Full-time RV living is a very unpredictable lifestyle; it really forces you to roll with the punches, be a good communicator, and trust your instincts and your partner. But when it comes to the “good life,” you won’t find a better way of living. Our RV’s solar panels, 75-plus gallons of freshwater, and the iOverlander app are the three main ingredients that make boondocking a cakewalk for us.
Boondocking Pro Tips
Water works. We recommend an RV with a larger freshwater tank. We use plant-based soaps so that we can recycle our water for various uses as much as possible. A two-part water-filtration system allows you to fill up the freshwater tank just about anywhere.
Everything is storage space! Utilize every nook and cranny in your RV for excess storage—steps, seats, counters, etc. Everything should have a dual-use purpose.
Black tank versus compost. Having experienced both, I have much to say on the subject. But the bottom line is that compost wins every category for us. In our first build, the idea of composting grossed me out. But our Nature’s Head composting toilet is probably in my top five favorite features about our build. We save so much water and time by never having to search for a dump station. And no, it never smells bad in our house. It’s amazing!
Network. Networking in the nomad community (particularly through social media or nomad gatherings) is going to save you lots of money, time, and frustration. This community is a wealth of knowledge. Everyone is always looking to help fellow full-timers. Whether it’s a place to park, recommendations in the area, knowledge on a breakdown, or a connection to a “good mechanic near me,” our connections have been our greatest resource.
Insulation. Wazimu 2.0’s insulation is 3¹⁄₂ inches of closed-cell foam board, which helps conserve batteries in extreme temperatures. We also have a small woodstove that allows us to heat the RV without turning on the heat pump. Trevor made the woodstove from an old propane tank he found in a junkyard. The chimney is made of steel that has a flap at the top (on the exterior) that lifts by pulling a lever from inside, similar to the exhaust pipes on a tractor.
How We Made It: Building the Dream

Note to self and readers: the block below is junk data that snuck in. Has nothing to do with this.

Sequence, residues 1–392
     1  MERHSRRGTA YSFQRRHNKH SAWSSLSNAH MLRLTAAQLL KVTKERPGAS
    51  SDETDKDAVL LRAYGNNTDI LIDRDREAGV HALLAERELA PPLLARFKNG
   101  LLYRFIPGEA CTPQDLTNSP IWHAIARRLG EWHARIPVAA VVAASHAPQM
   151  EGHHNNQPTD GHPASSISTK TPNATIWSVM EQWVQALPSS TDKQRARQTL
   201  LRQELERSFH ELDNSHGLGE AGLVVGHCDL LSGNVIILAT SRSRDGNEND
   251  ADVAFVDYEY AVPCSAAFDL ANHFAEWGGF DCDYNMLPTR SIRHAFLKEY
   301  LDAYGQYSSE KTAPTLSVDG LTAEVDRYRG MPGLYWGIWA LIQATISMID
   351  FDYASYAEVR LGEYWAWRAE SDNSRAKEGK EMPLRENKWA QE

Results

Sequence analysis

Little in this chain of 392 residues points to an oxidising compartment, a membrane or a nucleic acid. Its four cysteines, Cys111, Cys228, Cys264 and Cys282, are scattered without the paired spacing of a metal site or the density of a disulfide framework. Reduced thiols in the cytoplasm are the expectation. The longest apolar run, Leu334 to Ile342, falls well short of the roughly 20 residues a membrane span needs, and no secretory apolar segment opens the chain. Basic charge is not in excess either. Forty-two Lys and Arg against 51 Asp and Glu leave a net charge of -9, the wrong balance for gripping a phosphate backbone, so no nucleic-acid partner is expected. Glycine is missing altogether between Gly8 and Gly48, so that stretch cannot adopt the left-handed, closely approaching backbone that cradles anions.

After years of dreaming, saving, and planning for a life on the road, we finally purchased our first truck in 2018, a 1998 M1078 LMTV Stewart & Stevenson retired troop carrier. We had been traveling through Uganda on a humanitarian trip when we got the email confirmation that the truck was ours! The kids in the area where we were working referred to Trevor as “Wazimu Mungaru,” which means “crazy white man” in Swahili. So we named the truck “Wazimu,” meaning “crazy.”
Trevor built the entire house on the back of the truck himself, including the steel box, frame, plumbing, electrical, carpentry, etc. Thanks to a close friend, Matt Wiley, who donated the space and tools, we were able to complete the entire thing in six short weeks! All-in, our first build cost us $40,000.
We lived in that truck for three years and traveled all over the United States. In 2021 we decided it was time for some upgrades, so we sold the Stewart & Stevenson for $80,000 and upgraded to a 2008 GMC C7500 retired snowplow and dump truck! This was a major upgrade for us, as the cab included A/C. We went straight to work on the second build, but this time around, we took our time to enjoy the building process and really thought through each piece and upgrade.
Thanks to another great friend, Robert Ashby, we had access to tools and space. All-in, the total cost for our second build was $110,000, which was more than we originally wanted to spend. But, after living in Wazimu 2.0 for two years now, there isn’t a single change we’d make. Complete with 1,850 watts of solar panels, 600 amp-hour lithium batteries (Victron system), 75-plus gallons of freshwater and filtration systems, 3¹⁄₂ inches of insulation, and an open-concept layout, we love our new home and all the places it takes us!